AUTUMN-Reflections on. many books which have no merit in point of expression ; but I believe it to be extremely The impression we feel from the scenery of useful to all literary men, to counteract the autumn is accompanied with much exercise of effect of this miscellaneous reading, by main- thought : the leaves then begin to fade from taining a constant and familiar acquaintance the trees ; the flowers and shrubs, with which with a few of the most faultless models which the fields were adorned in the summer months, the language affords. For want of some stan- decay ; the woods and groves are silent; the dard of this sort, we frequently see an author's sun himself seems gradually to withdraw his taste in writing alter, much to the worse, in light, or to become enfeebled in his power. the course of his life ; and his later productions Who is there who, at this season, does not fall below the level of his early essays. D'Alem- feel his mind impressed with a sentiment of bert tells us that Voltaire had always lying on melancholy ; or who is able to resist that his table the Petit Carême of Massillon and current of thought, which, from such appearthe tragedies of Racine ; the former to fix his ances of decay, so naturally leads him to the taste in prose composition, and the latter in solemn imagination of that inevitable fate poetry.
Stewart. which is to bring on alike the decay of life, of empire, and of nature itself.
Alison. AUTOBIOGRAPHY-Colouring of.
The publication of private journals too often However constant the visitations of sickfosters in those who read them a rank under- ness and bereavement, the fall of the year is growth of hypocrisy. For one man who will most thickly strewn with the fall of human honestly endeavour to lay bare on paper the life. Everywhere the spirit of some sad power course of his life and the state of his heart, seems to direct the time : it hides from us one bundred will make the same attempt dis- the blue heavens, it makes the green wave honestly, having the fear or the hope of the turbid ; it walks through the fields, and lays biographer before their eyes. How fluent the the damp uugathered harvest low; it cries out acknowledgment of those faults which the in the night wind and the shrill hail ; it steals reader will certainly regard as venial, while he the summer bloom from the infant cheek; it admires the sagacity which has detected, the makes old aye shiver to the heart; it goes to humility which has condemned, and the inte the churchyard, and chooses many a grave; grity which has acknowledged them ; such it flies to the bell, and enjoins it when to toll. disclosures, whether made to the confessor or It is God that goes His yearly round ; that to the world at large, are at best an illusion. gathers up the appointed lives; and, even No man has such an insight into his own where the hour is not come, engraves by pain circumstances, motives, and actions, or such and poverty many a sharp and solemn lesson leisure for duscribing them, or such powers of on the heart.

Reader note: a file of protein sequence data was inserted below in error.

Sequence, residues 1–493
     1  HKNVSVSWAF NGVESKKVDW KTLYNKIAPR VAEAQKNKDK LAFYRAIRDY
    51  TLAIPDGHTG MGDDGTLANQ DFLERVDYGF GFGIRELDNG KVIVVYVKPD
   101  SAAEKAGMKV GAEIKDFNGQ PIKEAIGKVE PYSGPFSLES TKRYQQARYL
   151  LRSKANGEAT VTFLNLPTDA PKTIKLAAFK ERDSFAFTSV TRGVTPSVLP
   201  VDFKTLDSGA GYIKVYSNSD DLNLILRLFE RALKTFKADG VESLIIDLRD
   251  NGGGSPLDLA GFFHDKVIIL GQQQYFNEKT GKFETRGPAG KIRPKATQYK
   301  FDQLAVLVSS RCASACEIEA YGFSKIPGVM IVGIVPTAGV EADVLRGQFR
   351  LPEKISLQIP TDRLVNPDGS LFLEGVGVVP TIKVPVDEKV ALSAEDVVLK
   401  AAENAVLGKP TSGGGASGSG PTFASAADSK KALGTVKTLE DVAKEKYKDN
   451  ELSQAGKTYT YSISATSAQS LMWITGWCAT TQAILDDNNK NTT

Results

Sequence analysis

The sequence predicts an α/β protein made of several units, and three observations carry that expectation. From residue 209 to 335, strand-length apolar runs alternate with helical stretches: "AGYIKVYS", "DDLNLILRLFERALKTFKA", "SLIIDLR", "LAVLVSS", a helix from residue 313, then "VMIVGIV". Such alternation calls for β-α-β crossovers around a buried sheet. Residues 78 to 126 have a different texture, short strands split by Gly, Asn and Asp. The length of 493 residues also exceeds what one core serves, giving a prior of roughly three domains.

James Martinean. description, as to be able to afford to others the means of estimating, with any approach Behold, the husbandmen waiteth for the to accuracy, the exact merit or demerit of any precious fruit of the earth, and hath long
patience for it, until he receive the early and so they still pay what they borrow, and that latter rain.
St. James. by so just and well-balanced an equality, that AVALANCHES-Grandeur of.
their payments always keep pace with their receipts.
Dryden. One cannot command any language to con
AVARICE-Cause of. vey an adequate idea of their magnificence. You are standing far below, gazing up to Because men believe not Providence, therewhere the great disc of the glittering Alp fore they do so greedily scrape and hoard. cuts the heavens, and drinking in the influence They do not believe any reward for charity, of the silent scene around. Suddenly, an enor- therefore they will part with nothing. mous mass of snow and ice, in itself a moun.
Barrow. tain, seems to move ; it breaks from the AVARICE-Covetousness of. toppling outmost mountain ridge of snow, Refruin from covetousness, and thy estate where it is hundreds of feet in depth, and in shall prosper.
Plato. its first fall of perhaps two thousand feet, broken into millions of fragments. As you first
The wealth of covetous persons is like the see the flash of distant artillery by night,
sun after he is set, delights none. Socrates. then bear the roar, so here you may see the white flashing mass majestically bowing, and
We are at best but stewards of what we bear the astounding din. A cloud of dusty, falsely call our owu; yet avarice is so insatiable, mnisty, dry snow, rises into the air from the that it is not in the power of liberality to con
tent it. concussion, forming a white volume of fleecy
Seneca. smoke, or misty light, from the bosom of which AVARICE-Effects of. thunders forth the icy torrent in its second prodigious fall over the rocky battlements.
O cursed hunger of pernicious gold ! The eye follows it delighted, as it ploughs What bands of faith can impious lucre hold ! through the path which preceding avalanches
AVARICE-Insatiability of. bave worn, till it comes to the brink of a vast ridge of bare rock, perhaps more than two Avarice is insatiable, and is always pushing thousand feet perpendicular. Then flows the